Patrik Schumacher. Photo: Getty Images.
Patrik Schumacher created a rift in the design community with his recent comments about public housing and gentrification. The successor to Zaha Hadid created a firestorm of controversy recently when he called for an end to public housing and openly espoused gentrification at The World Architecture Festival.
In his keynote speech, Schumacher spelled out plans a for a privatized city where such a thing as Hyde Park would be wiped out. The idea relies on private investment in a city where social programs such as housing, public schools and other platforms that are the foundation of many a democracy are scrapped for the interests of only those who can afford to live there and pay for them.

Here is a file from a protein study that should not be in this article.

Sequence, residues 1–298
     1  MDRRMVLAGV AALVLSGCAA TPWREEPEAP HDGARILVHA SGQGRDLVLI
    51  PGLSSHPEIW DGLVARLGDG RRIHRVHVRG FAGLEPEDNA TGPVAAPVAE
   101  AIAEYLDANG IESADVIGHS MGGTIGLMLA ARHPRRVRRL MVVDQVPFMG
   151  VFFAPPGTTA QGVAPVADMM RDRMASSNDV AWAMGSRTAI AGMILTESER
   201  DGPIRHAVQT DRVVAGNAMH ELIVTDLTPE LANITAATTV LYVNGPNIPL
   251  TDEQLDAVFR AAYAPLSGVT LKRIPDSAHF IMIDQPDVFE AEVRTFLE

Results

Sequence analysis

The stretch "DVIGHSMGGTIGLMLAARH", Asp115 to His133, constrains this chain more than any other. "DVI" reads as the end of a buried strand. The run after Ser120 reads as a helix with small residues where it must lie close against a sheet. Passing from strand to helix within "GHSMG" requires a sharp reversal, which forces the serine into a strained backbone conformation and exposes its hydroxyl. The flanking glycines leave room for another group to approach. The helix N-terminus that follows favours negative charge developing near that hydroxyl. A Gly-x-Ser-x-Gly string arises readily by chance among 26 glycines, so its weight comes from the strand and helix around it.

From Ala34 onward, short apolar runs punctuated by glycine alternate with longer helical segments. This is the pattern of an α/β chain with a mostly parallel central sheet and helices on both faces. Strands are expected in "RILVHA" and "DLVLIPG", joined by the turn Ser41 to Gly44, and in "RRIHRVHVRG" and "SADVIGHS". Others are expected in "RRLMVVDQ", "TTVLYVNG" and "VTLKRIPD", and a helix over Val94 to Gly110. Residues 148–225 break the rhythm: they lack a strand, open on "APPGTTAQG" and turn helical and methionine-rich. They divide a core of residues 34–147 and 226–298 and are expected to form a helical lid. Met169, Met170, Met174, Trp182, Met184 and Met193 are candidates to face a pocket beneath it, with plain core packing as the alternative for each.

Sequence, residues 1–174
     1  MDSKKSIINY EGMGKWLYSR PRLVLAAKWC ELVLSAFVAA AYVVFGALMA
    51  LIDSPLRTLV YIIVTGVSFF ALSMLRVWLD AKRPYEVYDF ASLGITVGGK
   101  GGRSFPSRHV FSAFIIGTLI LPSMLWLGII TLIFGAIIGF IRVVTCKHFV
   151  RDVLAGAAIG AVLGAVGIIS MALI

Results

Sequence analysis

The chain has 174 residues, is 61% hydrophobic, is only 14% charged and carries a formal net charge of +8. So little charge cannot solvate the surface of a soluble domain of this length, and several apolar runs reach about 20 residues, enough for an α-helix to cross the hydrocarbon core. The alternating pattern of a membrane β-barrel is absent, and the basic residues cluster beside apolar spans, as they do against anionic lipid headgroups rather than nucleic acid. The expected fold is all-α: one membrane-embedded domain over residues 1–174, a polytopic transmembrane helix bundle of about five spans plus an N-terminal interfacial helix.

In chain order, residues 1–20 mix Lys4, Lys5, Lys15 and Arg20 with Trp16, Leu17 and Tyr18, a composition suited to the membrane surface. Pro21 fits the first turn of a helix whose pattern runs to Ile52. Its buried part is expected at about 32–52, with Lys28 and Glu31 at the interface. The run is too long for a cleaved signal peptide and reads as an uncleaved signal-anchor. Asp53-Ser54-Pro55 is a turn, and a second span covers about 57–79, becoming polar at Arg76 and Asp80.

He called it a “tragedy” that “someone has had the privilege of a subsidized central location for some time” and further that, “in my view [it] should not establish ownership.”
Naturally such comments didn’t go well with the public at large, the greater design community, nor the other trustees in the Zaha Hadid Foundation. And it wasn’t long before the other trustees had to quickly distance themselves and Hadid’s legacy from Schumacher’s comments before they might tarnish the Foundation’s image. Essentially, the other trustees said in a public statement that they “totally disagree” with Schumacher’s position. And had Hadid been alive, she would too.